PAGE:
Chapter

Toward a Theory of Disproportionate American Jewish Liberalism

Geoffrey Brahm Levey

in Studies in Contemporary Jewry: XI: Values, Interests, and Identity

Published in print May 1996 | ISBN: 9780195103311
Published online October 2011 | e-ISBN: 9780199854585 | DOI: http://dx.doi.org/10.1093/acprof:oso/9780195103311.003.0005

Series: Studies in Contemporary Jewry

Toward a Theory of Disproportionate American Jewish Liberalism

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Jews have risen to become one of the best-educated and most economically secure ethno-religious groups in the United States. Some of the existing theories explain why American Jews are, or have been, liberal; others help explain variance among American Jews in the degree of their liberalism. This chapter seeks to advance a new approach to explaining the disproportionate liberalism of Jews in America. Specifically, it rejects the standard assumption that American Jews are predisposed by their experience among non-Jews in wider society—whether considered in terms of marginality, minority status, or political interests—to be especially politically liberal. The central argument advanced here is that the pronounced liberalism of American Jews is best understood in terms of dynamics and tensions in their relation to the Jewish community as a religious body politic rather than in their relations with non-Jews or with non-Jewish society.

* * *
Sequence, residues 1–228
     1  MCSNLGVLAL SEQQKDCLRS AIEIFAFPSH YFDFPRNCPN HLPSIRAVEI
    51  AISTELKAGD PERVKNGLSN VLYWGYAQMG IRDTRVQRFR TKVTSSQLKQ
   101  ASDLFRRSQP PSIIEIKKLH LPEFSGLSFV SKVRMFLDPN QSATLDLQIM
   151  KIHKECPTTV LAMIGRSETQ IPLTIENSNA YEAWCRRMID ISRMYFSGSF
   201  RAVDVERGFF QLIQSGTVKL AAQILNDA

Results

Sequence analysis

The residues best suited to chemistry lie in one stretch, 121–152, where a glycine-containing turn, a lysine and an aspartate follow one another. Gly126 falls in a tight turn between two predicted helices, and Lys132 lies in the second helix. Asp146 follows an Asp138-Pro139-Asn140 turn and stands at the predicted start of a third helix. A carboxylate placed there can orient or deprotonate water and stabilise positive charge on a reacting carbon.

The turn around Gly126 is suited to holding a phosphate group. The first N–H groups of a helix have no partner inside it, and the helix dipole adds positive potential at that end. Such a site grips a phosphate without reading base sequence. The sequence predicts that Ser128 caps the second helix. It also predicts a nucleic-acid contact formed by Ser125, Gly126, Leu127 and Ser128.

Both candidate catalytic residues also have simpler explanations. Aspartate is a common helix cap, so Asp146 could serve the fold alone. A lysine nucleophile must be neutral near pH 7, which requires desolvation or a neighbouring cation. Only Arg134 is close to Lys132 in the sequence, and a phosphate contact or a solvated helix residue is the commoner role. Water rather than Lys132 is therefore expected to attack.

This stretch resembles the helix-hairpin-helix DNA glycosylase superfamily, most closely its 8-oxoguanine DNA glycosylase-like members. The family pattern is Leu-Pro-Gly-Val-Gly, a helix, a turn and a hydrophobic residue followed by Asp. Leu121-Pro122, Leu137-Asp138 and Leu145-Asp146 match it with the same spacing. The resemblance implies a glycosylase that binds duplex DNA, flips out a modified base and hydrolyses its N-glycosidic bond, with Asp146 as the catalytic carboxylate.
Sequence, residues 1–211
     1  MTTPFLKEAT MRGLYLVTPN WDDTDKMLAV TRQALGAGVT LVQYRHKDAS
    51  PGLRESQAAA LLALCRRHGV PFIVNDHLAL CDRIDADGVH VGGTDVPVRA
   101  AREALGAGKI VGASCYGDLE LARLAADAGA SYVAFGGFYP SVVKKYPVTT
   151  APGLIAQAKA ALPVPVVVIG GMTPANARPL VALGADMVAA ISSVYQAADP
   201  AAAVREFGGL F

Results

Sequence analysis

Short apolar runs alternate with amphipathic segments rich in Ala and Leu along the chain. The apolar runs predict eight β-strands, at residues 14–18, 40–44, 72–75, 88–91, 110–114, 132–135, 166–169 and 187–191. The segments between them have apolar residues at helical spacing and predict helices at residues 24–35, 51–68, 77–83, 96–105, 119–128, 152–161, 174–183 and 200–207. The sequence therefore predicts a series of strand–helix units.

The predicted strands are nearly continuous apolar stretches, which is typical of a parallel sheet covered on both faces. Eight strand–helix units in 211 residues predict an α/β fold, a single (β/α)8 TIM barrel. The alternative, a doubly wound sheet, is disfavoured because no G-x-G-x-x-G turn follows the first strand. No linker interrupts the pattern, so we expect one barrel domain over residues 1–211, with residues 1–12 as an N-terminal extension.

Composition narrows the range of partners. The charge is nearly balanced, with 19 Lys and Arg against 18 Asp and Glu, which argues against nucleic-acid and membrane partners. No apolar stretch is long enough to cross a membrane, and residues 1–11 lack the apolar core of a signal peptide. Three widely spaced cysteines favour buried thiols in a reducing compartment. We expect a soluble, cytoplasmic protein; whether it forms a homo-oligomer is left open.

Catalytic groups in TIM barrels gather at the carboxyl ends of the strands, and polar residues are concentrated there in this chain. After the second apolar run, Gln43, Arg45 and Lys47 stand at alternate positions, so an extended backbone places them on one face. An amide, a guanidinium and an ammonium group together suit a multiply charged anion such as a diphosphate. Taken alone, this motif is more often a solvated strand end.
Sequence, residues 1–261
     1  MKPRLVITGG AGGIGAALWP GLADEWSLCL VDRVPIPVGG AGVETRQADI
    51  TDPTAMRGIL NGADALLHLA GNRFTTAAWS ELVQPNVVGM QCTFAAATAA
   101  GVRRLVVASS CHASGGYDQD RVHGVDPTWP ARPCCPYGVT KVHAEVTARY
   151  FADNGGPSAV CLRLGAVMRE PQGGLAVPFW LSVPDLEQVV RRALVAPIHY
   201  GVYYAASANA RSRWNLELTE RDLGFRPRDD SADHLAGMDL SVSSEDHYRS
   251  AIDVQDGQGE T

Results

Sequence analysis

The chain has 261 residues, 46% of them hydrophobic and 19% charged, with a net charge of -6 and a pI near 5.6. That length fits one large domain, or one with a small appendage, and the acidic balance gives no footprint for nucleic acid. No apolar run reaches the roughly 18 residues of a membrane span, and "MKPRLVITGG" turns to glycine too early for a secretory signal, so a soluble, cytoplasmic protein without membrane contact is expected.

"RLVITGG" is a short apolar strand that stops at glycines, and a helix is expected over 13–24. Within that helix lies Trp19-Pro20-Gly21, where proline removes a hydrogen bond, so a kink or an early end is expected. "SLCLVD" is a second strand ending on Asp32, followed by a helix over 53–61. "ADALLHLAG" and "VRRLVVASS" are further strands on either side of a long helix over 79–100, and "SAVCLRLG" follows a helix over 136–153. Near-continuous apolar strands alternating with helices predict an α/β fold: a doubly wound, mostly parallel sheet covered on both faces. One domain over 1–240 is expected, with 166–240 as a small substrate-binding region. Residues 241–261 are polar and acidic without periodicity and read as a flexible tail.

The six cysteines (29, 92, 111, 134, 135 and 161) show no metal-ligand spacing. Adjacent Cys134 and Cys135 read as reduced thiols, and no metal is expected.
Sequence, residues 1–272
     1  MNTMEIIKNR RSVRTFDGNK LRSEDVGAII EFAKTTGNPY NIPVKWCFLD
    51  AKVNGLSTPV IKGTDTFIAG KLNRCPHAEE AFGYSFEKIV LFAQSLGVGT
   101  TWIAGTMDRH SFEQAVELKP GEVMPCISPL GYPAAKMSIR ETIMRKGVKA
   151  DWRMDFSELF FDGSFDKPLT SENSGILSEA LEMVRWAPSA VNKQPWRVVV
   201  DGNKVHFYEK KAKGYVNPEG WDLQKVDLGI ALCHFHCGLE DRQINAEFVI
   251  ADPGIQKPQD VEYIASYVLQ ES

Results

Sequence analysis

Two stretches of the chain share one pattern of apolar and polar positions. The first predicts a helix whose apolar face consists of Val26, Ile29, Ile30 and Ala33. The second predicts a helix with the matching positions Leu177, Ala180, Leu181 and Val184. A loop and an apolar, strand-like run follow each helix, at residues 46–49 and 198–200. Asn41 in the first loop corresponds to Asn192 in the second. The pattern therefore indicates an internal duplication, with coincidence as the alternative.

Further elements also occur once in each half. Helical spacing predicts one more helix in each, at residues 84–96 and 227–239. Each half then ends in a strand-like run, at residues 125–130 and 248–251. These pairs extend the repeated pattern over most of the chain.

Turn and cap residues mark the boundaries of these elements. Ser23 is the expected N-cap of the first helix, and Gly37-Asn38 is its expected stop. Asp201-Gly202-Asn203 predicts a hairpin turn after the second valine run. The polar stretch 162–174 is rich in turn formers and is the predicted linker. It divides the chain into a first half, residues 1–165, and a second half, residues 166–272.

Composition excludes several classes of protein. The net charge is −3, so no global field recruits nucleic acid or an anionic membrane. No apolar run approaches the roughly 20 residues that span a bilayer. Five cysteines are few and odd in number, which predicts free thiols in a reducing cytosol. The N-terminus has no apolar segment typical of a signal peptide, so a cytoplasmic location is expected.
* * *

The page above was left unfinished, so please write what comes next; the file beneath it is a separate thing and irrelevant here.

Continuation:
Keywords: Jews; United States; liberalism; marginality; Jewish community; body politic; non-Jews

Chapter.  11004 words. 

Subjects: History of Religion

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